The COVID-19 global pandemic has significantly affected Pennsylvania workers, businesses and communities. To bolster economic recovery efforts and position Pennsylvania for economic growth, Governor Tom Wolf today unveiled his “Back to Work PA” plan
“Pennsylvania needs a comprehensive, forward-thinking plan to jumpstart our economy and support our workforce,” Gov. Wolf said. “Back to Work PA will make strategic and comprehensive investments to build a stronger and more diverse workforce, support Pennsylvania businesses while attracting businesses to the commonwealth, and assist communities with economic recovery efforts – all of which will help us get back on track and build a brighter future for Pennsylvania.”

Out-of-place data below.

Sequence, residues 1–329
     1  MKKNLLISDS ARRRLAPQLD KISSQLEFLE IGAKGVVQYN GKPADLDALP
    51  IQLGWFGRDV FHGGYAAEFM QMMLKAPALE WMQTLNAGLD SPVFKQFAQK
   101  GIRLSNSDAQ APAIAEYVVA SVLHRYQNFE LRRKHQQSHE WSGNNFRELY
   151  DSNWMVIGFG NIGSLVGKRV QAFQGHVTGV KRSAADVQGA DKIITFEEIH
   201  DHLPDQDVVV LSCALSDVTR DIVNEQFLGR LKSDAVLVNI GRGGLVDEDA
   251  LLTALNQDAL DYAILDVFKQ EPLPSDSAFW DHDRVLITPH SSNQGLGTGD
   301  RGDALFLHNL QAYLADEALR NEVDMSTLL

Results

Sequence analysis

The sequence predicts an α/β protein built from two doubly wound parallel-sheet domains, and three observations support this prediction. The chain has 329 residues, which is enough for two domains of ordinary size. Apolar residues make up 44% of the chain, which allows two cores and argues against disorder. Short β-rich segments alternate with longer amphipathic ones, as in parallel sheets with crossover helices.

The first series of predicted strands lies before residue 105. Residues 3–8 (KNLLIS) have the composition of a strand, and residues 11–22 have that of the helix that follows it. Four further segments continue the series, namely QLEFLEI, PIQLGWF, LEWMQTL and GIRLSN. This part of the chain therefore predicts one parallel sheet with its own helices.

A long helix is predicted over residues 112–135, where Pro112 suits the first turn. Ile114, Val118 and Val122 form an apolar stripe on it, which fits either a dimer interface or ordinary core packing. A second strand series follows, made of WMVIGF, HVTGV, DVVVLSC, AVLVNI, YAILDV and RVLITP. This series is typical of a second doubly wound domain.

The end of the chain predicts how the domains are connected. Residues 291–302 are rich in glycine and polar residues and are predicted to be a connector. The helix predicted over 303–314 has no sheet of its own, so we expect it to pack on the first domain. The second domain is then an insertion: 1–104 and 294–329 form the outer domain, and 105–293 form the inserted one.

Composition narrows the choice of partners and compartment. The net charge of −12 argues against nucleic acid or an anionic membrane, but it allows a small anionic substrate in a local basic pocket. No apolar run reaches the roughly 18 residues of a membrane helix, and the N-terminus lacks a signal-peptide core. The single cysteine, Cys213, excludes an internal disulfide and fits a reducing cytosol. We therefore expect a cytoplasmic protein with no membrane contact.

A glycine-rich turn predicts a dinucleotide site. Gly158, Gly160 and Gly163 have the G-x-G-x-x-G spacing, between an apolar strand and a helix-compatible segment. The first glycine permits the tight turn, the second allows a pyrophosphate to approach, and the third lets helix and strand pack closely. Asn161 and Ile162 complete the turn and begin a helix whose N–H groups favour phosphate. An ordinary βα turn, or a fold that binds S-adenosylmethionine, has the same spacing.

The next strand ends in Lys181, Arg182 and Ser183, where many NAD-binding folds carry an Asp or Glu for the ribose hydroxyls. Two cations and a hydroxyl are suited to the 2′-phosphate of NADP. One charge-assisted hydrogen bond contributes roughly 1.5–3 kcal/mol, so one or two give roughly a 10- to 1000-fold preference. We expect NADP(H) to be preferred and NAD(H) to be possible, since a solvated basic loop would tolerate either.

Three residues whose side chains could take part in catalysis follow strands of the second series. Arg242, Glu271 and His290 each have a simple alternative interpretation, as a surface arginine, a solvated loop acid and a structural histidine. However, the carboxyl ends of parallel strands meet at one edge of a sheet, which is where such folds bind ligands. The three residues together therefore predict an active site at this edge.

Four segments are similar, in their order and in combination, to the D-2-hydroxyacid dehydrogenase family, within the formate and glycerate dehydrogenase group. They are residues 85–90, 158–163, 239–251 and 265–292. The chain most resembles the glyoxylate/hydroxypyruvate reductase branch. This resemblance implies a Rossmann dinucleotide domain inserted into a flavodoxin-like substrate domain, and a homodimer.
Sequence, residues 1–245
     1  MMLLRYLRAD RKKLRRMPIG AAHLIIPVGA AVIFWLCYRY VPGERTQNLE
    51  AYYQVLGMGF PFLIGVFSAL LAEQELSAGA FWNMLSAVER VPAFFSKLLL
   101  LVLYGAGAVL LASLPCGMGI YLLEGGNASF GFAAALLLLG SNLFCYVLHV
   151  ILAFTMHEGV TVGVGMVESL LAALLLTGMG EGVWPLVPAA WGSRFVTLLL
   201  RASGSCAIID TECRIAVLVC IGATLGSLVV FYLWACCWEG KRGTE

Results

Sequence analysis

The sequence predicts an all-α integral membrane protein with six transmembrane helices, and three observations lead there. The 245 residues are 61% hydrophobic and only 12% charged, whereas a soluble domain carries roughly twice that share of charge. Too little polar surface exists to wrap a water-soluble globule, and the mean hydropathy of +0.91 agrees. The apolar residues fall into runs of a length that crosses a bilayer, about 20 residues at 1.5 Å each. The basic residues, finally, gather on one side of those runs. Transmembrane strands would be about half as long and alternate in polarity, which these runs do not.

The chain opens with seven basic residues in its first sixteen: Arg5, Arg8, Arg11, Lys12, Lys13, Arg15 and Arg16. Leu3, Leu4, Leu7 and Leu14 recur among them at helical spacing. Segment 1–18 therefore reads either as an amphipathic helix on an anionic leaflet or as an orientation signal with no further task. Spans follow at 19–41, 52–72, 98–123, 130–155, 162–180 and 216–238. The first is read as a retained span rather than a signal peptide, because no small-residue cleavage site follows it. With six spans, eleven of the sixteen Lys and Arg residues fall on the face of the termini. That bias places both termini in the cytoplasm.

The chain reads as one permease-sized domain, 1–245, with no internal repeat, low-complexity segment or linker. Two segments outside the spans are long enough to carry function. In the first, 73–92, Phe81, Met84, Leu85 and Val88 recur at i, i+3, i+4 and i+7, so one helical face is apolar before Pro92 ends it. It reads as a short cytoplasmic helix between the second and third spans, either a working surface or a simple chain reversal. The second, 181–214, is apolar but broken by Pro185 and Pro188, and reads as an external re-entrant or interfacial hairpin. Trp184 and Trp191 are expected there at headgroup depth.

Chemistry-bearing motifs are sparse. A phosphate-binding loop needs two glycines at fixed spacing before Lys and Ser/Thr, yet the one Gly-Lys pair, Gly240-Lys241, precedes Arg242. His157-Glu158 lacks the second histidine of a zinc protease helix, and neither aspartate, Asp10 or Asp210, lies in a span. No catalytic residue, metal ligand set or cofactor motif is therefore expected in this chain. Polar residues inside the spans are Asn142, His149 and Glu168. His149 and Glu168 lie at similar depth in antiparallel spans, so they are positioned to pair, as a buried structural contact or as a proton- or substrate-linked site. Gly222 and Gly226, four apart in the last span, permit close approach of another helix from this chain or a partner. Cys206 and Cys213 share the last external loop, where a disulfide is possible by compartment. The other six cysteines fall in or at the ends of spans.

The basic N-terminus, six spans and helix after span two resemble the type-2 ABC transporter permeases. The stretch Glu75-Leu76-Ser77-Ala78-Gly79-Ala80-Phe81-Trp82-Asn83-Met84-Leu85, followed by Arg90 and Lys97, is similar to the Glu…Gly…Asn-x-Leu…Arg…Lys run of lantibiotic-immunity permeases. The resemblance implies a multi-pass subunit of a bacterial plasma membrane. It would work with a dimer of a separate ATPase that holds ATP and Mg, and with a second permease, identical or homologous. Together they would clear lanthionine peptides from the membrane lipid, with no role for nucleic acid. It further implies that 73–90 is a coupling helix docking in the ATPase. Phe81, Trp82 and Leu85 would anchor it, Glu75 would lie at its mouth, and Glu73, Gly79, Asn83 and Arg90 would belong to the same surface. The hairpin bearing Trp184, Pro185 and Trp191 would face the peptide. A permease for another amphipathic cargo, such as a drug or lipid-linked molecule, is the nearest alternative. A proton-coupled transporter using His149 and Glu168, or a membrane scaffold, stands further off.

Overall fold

Back to Work PA builds on recommendations from the Keystone Economic Development and Workforce Command Center’s annual report, published in January 2020. Refocusing Restore PA, Back to Work PA would be funded by a commonsense extraction tax on the natural gas industry, which would allow for an injection of $3 billion to enhance existing initiatives and create new, innovative programs to address barriers that are holding back our workforce. Read more here….
WASHINGTON (AP) — President-elect Joe Biden has picked Pennsylvania Health Secretary Rachel Levine to be his assistant secretary of health, leaving her poised to become the first openly transgender federal official to be confirmed by the U.S. Senate.
A pediatrician and former Pennsylvania physician general, Levine was appointed to her current post by Democratic Gov. Tom Wolf in 2017, making her one of the few transgender people serving in elected or appointed positions nationwide. She won past confirmation by the Republican-majority Pennsylvania Senate and has emerged as the public face of the state’s response to the coronavirus pandemic.